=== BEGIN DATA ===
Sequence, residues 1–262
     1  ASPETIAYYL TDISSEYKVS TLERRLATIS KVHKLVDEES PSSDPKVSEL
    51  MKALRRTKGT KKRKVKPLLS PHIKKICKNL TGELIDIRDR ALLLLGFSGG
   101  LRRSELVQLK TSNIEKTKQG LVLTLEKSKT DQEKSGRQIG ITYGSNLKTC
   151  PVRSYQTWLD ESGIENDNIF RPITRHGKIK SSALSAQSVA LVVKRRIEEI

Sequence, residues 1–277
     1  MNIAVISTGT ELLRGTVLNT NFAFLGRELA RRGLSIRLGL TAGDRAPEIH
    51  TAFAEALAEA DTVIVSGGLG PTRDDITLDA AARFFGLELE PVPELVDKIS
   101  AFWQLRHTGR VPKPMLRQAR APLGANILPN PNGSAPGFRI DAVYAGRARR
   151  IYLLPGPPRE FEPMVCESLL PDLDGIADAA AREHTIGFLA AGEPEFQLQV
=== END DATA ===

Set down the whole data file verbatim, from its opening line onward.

Sequence, residues 1–262
     1  ASPETIAYYL TDISSEYKVS TLERRLATIS KVHKLVDEES PSSDPKVSEL
    51  MKALRRTKGT KKRKVKPLLS PHIKKICKNL TGELIDIRDR ALLLLGFSGG
   101  LRRSELVQLK TSNIEKTKQG LVLTLEKSKT DQEKSGRQIG ITYGSNLKTC
   151  PVRSYQTWLD ESGIENDNIF RPITRHGKIK SSALSAQSVA LVVKRRIEEI

Sequence, residues 1–277
     1  MNIAVISTGT ELLRGTVLNT NFAFLGRELA RRGLSIRLGL TAGDRAPEIH
    51  TAFAEALAEA DTVIVSGGLG PTRDDITLDA AARFFGLELE PVPELVDKIS
   101  AFWQLRHTGR VPKPMLRQAR APLGANILPN PNGSAPGFRI DAVYAGRARR
   151  IYLLPGPPRE FEPMVCESLL PDLDGIADAA AREHTIGFLA AGEPEFQLQV